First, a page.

noun, plural fas·ci·ae [fash-ee-ee] /ˈfæʃ iˌi/ for 1, 3–5; fas·cias [fey-shuh z] /ˈfeɪ ʃəz/ for 2.
- any relatively broad, flat, horizontal surface, as the outer edge of a cornice, a stringcourse, etc.
- any of a number of horizontal bands, usually three in number, each projecting beyond the one below to form the architrave in the Ionic, Corinthian, and Composite orders.
- a band or sheath of connective tissue investing, supporting, or binding together internal organs or parts of the body.
- tissue of this kind.
Origin of fascia
Examples from the Web for fascia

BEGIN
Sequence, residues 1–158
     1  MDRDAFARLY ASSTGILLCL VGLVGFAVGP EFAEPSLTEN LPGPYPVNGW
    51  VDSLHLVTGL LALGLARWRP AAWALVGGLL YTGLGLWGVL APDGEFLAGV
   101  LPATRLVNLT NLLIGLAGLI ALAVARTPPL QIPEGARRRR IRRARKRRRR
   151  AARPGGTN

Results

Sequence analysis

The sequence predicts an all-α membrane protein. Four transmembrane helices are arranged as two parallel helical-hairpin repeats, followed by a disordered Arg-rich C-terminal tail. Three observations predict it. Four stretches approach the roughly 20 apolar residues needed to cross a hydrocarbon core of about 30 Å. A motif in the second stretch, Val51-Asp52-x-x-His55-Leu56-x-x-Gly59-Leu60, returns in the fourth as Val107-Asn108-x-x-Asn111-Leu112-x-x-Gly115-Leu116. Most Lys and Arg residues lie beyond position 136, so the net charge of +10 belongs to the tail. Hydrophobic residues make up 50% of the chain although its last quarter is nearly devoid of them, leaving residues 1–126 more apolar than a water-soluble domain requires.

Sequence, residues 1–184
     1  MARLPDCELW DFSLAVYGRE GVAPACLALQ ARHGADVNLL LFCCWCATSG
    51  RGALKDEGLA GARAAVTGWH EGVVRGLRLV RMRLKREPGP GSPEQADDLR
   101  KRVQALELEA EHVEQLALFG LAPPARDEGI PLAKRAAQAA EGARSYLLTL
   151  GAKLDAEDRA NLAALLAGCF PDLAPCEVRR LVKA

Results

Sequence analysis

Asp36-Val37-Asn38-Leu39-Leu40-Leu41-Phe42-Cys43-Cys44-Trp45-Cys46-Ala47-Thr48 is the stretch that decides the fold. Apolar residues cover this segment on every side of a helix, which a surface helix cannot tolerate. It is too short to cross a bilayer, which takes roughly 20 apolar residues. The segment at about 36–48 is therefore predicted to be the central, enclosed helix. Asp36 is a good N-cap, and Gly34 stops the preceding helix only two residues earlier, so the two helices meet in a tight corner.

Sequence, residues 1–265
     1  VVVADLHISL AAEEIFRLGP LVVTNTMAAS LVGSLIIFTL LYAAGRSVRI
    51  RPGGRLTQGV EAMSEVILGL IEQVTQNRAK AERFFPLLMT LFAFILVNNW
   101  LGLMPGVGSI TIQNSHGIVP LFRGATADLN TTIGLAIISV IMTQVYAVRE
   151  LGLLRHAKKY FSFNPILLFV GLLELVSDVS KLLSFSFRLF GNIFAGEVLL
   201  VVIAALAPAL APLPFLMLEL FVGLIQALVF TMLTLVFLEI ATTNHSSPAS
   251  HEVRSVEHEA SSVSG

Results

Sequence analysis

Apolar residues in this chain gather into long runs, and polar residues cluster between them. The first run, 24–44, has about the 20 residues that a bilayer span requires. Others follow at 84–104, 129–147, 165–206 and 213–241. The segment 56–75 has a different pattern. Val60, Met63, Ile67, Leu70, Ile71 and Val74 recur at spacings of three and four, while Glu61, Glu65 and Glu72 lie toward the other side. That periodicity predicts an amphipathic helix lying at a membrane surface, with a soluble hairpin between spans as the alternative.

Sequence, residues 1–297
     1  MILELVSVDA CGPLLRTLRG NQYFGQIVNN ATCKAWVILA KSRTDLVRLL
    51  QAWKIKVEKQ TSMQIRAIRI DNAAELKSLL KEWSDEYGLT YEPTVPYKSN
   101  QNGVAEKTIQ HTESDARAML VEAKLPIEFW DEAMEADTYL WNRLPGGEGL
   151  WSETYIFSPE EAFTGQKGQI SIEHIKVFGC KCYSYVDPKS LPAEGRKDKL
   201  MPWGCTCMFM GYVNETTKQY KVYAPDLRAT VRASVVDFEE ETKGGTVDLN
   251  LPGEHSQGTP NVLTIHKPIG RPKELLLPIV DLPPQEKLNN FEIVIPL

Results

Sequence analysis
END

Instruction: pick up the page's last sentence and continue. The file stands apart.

Contemporary Examples of fascia
A rare condition, it is a bacterial infection that tears through the body's fascia, destroying all tissue in its path.Necrotizing Fasciitis, Blinding Larvae & More Scary Diseases
May 18, 2012
Historical Examples of fascia
Disease is just as liable to begin its work in the fascia and epithelium as any other place.
It looks like an atom of white fibrin or detached particle of fascia.
This life is surely too short to solve the uses of the fascia in animal forms.
He of all men should know more of the fascia, and when disease is local or general.
I know of no part of the body that equals the fascia as a hunting ground.
noun plural -ciae (-ʃɪˌiː)
Word Origin for fascia
1560s, from Latin fascia "a band, bandage, swathe" (see fasces). Originally in architecture; anatomical use is from 1788.